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Re: annoying domain.local issue

>> And does that DNS server have an answer for queries to that domain name?
>> If it does, does it have the right answer?

Valent Turkovic:
> ping doesn't work from Fedora;
> # ping web.iskon.local
> ping: unknown host web.iskon.local
> # ping samba.iskon.local
> ping: unknown host web.iskon.local

That would appear to suggest that you don't have anything to tell your
machine how to use those addresses.  No hosts file entries, no DNS
records.  Unless, you do have a DNS server with that information, but
you're querying another one that doesn't.

>> I'd suggest posting your hosts, nsswitch.conf, resolv.conf and smb.conf
>> files for others to see what you're doing, rather than guess.  Also the
>> outputs from running nslookup and dig with your problem domain name.

> Here is mine nsswitch.conf :
> http://fpaste.org/paste/10360

The important line from that is this:

hosts:      files mdns4_minimal [NOTFOUND=return] dns

Which, if I've understood the bit in the middle does:
1. "files" first look in /etc/hosts, then try
2. "mdns4_minimal", and if no answer is found, abort
without getting around to querying a "DNS" server.

This doesn't seem sensible to me.

Unless you have something special, usually all that's needed is:

hosts:      files dns

If mdns4... is doing something useful for you, perhaps try just removing
the notfound=return section.

> hosts :
> http://fpaste.org/paste/10361

Pretty much a normal file.  It defines local loopback addresses (how the
machine refers to itself, the computer equivalent of "myself").  It's
expected that something else will resolve other addresses, such as your
DNS server.

> resolv.conf :
> http://fpaste.org/paste/10362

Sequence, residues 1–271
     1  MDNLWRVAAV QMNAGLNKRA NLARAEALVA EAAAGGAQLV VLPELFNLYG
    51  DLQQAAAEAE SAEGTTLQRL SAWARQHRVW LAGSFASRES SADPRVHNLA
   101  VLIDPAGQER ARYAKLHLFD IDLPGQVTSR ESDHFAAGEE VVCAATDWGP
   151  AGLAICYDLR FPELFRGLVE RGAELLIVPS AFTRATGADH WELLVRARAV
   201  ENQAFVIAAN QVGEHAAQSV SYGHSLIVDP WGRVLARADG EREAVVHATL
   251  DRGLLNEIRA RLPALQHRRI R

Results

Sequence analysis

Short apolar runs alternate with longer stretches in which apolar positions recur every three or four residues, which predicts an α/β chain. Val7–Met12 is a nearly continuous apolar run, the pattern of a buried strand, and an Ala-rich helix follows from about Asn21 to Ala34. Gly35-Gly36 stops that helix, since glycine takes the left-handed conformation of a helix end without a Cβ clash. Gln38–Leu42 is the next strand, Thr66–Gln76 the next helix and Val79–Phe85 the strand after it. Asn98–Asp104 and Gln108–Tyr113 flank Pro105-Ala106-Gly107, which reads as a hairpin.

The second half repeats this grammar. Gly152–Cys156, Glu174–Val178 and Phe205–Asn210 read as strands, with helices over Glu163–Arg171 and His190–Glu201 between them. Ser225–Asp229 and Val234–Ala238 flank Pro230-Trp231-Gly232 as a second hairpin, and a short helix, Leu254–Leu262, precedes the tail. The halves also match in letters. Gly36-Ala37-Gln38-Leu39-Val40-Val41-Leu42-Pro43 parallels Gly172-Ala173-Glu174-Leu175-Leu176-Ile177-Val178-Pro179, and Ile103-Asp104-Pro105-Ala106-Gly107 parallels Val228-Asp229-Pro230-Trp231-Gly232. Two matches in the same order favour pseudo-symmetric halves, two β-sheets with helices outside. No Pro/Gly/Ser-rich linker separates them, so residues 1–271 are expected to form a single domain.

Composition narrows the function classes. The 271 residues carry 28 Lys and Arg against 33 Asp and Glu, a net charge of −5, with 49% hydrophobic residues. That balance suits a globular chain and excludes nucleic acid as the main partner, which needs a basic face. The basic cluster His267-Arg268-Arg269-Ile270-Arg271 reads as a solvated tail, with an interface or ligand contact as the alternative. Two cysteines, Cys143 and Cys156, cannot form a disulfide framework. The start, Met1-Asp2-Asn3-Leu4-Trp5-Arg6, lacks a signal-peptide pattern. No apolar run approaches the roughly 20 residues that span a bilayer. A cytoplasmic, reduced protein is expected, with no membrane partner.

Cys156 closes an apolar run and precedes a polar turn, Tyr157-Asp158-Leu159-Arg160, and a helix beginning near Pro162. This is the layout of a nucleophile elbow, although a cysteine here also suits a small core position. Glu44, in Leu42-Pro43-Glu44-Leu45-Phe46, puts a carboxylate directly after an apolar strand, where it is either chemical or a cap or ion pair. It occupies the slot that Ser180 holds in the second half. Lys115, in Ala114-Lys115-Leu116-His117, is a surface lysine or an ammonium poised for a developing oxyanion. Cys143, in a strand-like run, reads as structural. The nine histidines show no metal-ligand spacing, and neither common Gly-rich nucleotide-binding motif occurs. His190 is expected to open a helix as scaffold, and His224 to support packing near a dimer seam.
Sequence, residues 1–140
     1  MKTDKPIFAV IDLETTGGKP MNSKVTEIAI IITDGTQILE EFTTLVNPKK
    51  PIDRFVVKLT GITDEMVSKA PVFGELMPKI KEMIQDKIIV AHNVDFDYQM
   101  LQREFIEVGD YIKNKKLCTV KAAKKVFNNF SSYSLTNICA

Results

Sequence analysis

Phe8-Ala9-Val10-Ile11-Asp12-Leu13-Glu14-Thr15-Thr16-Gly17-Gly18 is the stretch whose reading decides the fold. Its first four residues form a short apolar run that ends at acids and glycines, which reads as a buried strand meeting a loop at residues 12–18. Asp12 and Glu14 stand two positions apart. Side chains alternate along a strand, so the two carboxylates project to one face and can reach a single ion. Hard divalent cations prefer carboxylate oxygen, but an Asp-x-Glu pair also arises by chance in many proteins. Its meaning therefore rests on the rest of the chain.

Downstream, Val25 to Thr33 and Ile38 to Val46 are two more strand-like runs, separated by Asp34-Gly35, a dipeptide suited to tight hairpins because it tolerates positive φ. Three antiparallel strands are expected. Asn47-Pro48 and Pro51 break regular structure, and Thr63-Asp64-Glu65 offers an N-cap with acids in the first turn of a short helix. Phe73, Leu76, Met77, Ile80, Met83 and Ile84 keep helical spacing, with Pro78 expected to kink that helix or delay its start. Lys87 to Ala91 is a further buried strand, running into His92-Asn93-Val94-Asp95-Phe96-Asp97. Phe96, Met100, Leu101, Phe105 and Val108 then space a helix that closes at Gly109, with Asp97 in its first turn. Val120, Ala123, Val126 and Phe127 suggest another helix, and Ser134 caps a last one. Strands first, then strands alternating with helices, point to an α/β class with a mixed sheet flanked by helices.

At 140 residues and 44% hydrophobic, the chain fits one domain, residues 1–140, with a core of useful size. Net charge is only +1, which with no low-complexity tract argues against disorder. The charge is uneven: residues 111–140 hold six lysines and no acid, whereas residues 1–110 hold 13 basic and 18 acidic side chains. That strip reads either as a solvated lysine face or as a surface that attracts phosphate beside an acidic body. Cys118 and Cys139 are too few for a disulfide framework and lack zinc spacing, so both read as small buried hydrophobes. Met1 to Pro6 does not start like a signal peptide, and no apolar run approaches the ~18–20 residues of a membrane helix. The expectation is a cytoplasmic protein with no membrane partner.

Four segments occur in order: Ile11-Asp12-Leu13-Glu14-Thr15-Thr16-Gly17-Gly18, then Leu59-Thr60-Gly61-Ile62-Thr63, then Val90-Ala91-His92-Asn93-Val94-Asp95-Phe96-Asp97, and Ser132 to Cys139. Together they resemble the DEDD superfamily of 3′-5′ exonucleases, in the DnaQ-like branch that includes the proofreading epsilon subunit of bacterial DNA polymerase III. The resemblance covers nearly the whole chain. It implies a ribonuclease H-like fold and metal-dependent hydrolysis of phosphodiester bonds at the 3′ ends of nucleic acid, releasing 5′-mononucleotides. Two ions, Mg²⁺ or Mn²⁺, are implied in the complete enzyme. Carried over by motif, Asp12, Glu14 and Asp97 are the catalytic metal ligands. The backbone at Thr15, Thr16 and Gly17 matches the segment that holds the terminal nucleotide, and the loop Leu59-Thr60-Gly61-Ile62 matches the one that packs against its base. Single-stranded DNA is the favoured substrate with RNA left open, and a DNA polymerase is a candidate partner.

Again, looking normal, presuming that there are DNS servers you can
query at and

> $ dig web.domain.local
> ; <<>> DiG 9.5.1-P2-RedHat-9.5.1-2.P2.fc10 <<>> web.domain.local
> ;; global options:  printcmd
> ;; Got answer:
> ;; ->>HEADER<<- opcode: QUERY, status: NOERROR, id: 53744
> ;; flags: qr aa rd ra; QUERY: 1, ANSWER: 1, AUTHORITY: 0, ADDITIONAL: 0
> ;web.domain.local.		IN	A
> web.domain.local.	1200	IN	A
> ;; Query time: 5 msec
> ;; SERVER:
> ;; WHEN: Tue Apr 28 14:18:17 2009
> ;; MSG SIZE  rcvd: 49

This indicates that a DNS server at says that web.domain.local
has a numerical IP address of

> $ nslookup web.domain.local
> Server:
> Address:
> Name:	web.domain.local
> Address:

Same as above, with the dig query.

> $ host
> domain name pointer web.domain.local.

And again.

> But I can't ping web.domain.local :(

That could be a firewall issue, but you'd not expect a comment about
unknown host, if it simply couldn't ping something it had an address

> And typing http://web.domain.local in Firefox doesn't open the web
> page, but typing IP it does. If I type in Firefox I get the
> home page.

Check if both your domain servers can answer that query.  Use the dig
command, with the address for each name server.

e.g. dig web.domain.local @
     and, dig web.domain.local @

If they both get answers like above, then both domain name servers are

> As I mentioned I also have Winwdows in VirtualBox VM and there
> everything works ok - ping works and also Firefox opens
> web.domain.local without problems.

Windows can muddy the waters, as it can try other things to try and
resolve names, as well.  Windows networking (SMB) for instance can find
machines without DNS or hostnames (essentially asking for a machine by
name, and hoping that it answers for itself, or another machine on the
SMB network gives it the address for it).

> When I enter in my hosts file this line:
>    web.domain.local
> then I can ping the web server from my Fedora laptop... any ideas?

See if the comment I made about modifying your /etc/nsswitch.conf file
makes any difference.  Everything else, configuration-wise, seems

[tim localhost ~]$ uname -r

Don't send private replies to my address, the mailbox is ignored.  I
read messages from the public lists.

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